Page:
8. jb in NE

    jb in NE Senior Member

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    What is who doing with spent fuel? For every site in the US, the spent fuel stays on site (funded by DOE, since they didn't provide the long term storage that was paid for by the nuclear industry). Most is in the spent fuel pool during the life of the plant, but when a plant decommissions it transitions into dry cask storage on site. And there it will sit until the Federal government builds the storage facility they committed to build.

    In France, they reprocess their fuel.
     
  9. jb in NE

    jb in NE Senior Member

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    Those are negligible. Anything lost between the wall and charger would be dissipated as heat, and if you feel the charging cord and controller they barely get warm.
     
  10. bisco

    bisco cookie crumbler

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    that's part of the nuculer problem, until they follow up commitments
     
  11. jb in NE

    jb in NE Senior Member

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    These were commitments made by the government (DOE in particular), not by the industry.

    It's "nuclear", not "nuculer"...
     
  12. bisco

    bisco cookie crumbler

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    right. but to win public confidence, everyone needs to step up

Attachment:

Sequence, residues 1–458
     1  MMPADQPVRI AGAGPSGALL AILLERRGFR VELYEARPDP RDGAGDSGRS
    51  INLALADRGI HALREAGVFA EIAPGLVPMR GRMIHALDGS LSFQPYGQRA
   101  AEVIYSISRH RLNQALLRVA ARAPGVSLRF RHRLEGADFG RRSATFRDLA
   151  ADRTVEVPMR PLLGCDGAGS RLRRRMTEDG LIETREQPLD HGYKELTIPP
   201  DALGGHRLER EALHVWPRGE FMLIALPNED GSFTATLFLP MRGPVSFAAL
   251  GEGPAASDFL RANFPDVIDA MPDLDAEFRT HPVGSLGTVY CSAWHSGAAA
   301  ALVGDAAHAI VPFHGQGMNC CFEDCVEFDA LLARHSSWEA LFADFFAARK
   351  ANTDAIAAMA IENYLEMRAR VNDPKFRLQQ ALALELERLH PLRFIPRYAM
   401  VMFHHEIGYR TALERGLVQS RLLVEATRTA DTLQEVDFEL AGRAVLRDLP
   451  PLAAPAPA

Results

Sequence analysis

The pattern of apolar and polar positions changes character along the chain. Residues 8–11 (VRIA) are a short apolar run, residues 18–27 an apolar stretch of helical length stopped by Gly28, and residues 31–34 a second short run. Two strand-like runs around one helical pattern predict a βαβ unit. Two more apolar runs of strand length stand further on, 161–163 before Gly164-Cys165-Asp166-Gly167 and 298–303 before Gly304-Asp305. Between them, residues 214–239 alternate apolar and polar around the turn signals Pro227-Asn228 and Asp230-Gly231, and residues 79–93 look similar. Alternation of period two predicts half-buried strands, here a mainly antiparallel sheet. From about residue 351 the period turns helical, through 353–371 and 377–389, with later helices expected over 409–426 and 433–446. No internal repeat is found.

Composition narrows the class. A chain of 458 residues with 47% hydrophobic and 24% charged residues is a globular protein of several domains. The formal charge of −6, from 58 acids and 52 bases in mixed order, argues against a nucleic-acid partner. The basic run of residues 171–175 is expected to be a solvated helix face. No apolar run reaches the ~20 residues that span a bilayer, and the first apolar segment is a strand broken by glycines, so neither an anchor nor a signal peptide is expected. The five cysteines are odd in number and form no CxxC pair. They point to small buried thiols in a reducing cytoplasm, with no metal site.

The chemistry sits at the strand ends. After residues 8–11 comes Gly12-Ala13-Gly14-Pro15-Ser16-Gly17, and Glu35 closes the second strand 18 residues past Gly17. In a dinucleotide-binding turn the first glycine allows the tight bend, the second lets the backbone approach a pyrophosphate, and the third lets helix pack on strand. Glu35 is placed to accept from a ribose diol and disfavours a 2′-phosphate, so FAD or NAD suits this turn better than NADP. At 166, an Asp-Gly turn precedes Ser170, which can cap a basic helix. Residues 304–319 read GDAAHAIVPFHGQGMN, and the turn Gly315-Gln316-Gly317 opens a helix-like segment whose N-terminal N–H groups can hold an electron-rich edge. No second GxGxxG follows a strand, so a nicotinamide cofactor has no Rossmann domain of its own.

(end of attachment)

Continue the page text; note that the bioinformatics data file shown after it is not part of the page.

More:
13. jb in NE

    jb in NE Senior Member

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    Since this is a PriusChat forum, I'll drop out of the nuclear discussion.
     
  14. bisco

    bisco cookie crumbler

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    yeah, i was thinking the same. i wonder if we have a nuculer thread that hasn't gone nuculer :cool:
     
  15. Rmay635703

    Rmay635703 Senior Member

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    For me that would be excellent

    I use VERY little electricity but pay about $50 a month in fixed fees
     
  16. Salamander_King

    Salamander_King Senior Member

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    My number 6.5kWh is measured at the wall by a kill-a-watt meter. So it is the actual amount of electricity I pay to charge the traction battery. It varies a little bit day to day from 6.3 to 6.8 kWh, but the average is ~6.5 kWh.
     
    bisco and jb in NE like this.
  17. bisco

    bisco cookie crumbler

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    do you have solar?
     
  18. Rmay635703

    Rmay635703 Senior Member

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    Rent, just use very little electricity, ready for offgrid
     
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  19. bisco

    bisco cookie crumbler

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    amazing. we can't consume enough :whistle:
     
  20. KP7

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    Another major issue in most NE states is that the utilities are guaranteed a certain percentage of profits on their investments. So the more they build the more profits they make. Instead of having an incentive structure that rewards reliability, availability, etc that would cause the utilities to find the most economical way to meet their mandates.

    This results in such ridiculous things as my utility's distribution rate: 14+ cents/kWh plus a monthly service fee. All legally approved by the PUC because the utility "proved" that it needed to make the grid investment. There is no way to avoid this except to go off the grid. The supply rates are then added on top of that for a total of 27+ cents/kWh all in cost.

    So yes, supply/demand comes into play for the supply portion, but having a distribution rate that is near the national average for all in rate puts us in NE behind from the start.